There is something about Paris that captivates the gaze of many an individual for all different reasons. It’s the city of love and light that offers every visitor the chance to feel like a completely different person while exploring foreign streets and consuming more diverse cuisine than they’re used to.
The city centre of Paris remains as dreamy as it is portrayed in film and photography. Gardens crop up around every corner and sophisticated buildings find themselves bordered by the greenery. The Eiffel Tower appears in the sky, poking its head above trees and, yes, on occasion you will find an accordion player on the street to fulfill the complete stereotype that Paris is. Do prepare to be surrounded by thousands of other tourists if you travel to the city during peak season in July, however, September is significantly quieter with the same pleasant weather – flights may even be that little bit cheaper.
Yet, Paris is more than the city centre of globally recognised monuments, for farther north it harbours the artistic suburb of Montmartre, well-known as the home of Amélie. The Sacre Coeur Basilica seen from the centre of Paris marks the suburb for all to see and offers sprawling views of the entire city. The Grand Palais, The Eiffel Tower and Les Invalides are only a handful of the sights visible from the northern suburb that is a must visit for all tourists in the French capital.
Contrary to popular belief, the French are a friendly nation. Rooted in their ways and with a passion for their language, attempting to speak French is rarely met with distain. A simple ‘Bonjour, excusez-moi, parlez-voi Anglais’ goes a long way, and Australian accents are distinctive enough that they will soon realise you cannot speak fluently. Don’t be a tourist in Paris, be a Parisian… for however long your stay in the city may be.
Café Pimpin, 64 Rue Ramey
The type of café that would be a hit in the East End of Rundle Street, Café Pimpin is catered by friendly staff with some delicious offerings. Breakfasts include toasted sandwiches, granola and juice offerings, while lunch provides plentiful choices for a filing meal.
Jardin du Luxembourg
Close to the Notre Dame Cathedral in the eastern wing of the city, the Jardin du Luxembourg is home to the Luxembourg Palace and encompasses over 25 hectares of land. A large pond in the centre of the gardens is the ideal spot for a break in between seeing what Paris has to offer.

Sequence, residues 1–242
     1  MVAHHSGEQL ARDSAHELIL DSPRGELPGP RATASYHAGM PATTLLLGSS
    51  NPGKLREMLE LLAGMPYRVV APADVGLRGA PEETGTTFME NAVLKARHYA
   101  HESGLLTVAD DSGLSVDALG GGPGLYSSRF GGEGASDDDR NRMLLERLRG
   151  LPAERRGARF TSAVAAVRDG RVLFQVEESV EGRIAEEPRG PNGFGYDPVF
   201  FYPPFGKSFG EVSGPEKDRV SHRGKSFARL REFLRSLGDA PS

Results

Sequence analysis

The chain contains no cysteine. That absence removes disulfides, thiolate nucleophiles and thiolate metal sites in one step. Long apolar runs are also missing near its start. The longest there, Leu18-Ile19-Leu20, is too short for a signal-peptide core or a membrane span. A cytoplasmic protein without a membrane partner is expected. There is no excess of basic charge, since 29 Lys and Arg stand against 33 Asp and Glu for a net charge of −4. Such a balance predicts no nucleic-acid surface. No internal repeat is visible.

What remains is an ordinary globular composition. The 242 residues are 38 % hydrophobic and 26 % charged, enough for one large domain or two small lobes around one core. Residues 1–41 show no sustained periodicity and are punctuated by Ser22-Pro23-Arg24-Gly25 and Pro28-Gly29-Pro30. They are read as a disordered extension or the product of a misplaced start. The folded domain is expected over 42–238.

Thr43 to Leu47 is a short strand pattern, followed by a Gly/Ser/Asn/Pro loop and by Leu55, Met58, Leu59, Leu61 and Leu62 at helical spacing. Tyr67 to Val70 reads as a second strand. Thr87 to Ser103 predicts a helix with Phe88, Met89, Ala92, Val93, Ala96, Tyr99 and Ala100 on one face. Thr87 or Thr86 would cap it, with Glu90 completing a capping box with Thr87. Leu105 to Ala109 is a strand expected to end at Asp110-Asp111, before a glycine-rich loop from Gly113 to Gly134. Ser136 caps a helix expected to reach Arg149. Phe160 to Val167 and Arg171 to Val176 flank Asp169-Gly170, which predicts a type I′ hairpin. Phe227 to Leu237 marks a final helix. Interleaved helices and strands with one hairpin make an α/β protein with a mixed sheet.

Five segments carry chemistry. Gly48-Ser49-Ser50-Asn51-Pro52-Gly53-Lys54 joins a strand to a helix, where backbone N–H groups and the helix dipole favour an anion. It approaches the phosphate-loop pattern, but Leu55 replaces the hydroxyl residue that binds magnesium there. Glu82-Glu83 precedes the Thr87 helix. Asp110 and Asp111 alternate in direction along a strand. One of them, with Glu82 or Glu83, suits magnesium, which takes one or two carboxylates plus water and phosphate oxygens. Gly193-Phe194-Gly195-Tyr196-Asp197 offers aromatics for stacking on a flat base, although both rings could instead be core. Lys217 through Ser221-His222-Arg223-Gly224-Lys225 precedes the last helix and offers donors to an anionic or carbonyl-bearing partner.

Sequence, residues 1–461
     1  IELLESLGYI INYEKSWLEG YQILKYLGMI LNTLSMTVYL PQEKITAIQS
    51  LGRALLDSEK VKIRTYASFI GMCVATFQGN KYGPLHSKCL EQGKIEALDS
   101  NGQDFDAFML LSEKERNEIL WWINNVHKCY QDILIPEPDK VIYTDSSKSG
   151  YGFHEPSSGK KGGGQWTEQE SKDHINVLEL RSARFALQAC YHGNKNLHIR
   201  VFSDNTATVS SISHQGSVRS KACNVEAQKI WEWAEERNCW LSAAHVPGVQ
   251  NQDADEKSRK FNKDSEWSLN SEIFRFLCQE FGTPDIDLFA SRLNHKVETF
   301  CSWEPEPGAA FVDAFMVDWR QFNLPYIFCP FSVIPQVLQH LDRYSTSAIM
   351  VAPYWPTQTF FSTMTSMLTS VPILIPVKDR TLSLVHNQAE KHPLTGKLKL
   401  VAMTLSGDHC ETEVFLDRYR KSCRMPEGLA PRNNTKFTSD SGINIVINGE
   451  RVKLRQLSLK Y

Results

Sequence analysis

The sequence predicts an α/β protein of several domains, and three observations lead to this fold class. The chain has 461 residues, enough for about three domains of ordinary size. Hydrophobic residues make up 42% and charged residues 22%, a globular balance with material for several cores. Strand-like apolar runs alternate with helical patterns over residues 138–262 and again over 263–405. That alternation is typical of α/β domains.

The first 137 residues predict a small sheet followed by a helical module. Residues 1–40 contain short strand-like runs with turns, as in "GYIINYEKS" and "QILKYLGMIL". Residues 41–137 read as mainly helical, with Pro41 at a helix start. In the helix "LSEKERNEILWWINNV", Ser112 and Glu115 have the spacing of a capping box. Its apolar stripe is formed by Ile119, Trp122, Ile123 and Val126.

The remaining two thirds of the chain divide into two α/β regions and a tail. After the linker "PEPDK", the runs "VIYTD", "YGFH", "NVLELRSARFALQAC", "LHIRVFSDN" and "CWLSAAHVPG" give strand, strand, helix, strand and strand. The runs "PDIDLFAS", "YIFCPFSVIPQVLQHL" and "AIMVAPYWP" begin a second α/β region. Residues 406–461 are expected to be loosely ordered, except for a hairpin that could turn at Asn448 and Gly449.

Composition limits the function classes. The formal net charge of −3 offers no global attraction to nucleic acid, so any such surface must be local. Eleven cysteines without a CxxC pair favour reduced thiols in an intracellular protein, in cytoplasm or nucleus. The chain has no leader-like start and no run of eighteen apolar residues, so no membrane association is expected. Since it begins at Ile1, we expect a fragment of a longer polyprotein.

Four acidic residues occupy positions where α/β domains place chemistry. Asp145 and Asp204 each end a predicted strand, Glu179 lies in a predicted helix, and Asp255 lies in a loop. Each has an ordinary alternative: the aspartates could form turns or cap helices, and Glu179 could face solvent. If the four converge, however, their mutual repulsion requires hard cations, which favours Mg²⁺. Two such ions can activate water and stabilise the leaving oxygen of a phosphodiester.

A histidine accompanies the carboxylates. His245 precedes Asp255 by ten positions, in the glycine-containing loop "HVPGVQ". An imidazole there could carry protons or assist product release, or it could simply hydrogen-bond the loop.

Arc de Triomphe, Place Charles de Gaulle
Located at the climax of the Avenue des Champs Élysées, the Arc de Triomphe, alongside Sacre Coeur, is the place to be in order to see the city in its entirety. The 284 stairs climb to the top might be daunting yet rewards completely with the awestruck emotion felt at the top.
TICKETS: Pre-booking tickets is recommended as the line can set visitors back over an hour. For more information, visit: paris-arc-de-triomphe.fr/en/.
Louvre Museum, Rue de Rivoli
It’s an obvious but necessary choice to muse the Louvre while in Paris. Home to the Mona Lisa, The Venus de Milo, Rameses’ Tomb and the surviving Crown Jewels of France, over five hours can easily be spent in one wing of the museum alone.
TICKETS: The line up for entry may look intimidating but only takes 15 minutes at the most. Pre-booking of tickets can be done online, visit: louvre.fr/en.
Cimetiere du Pere-Lachaise, 16 Rue de Repos
The Pere-Lachaise Cemetery is both peaceful and melancholy yet is a definite recommendation for visitors to Paris. Doors frontman Jim Morrison, author Oscar Wilde, singer and French national treasure Edith Piaf and author of Les Misérables Victor Hugo are all buried in the complex, roofed by canopies of tree leaves and surrounded by thriving gardens.
Photography by Sonia Blair.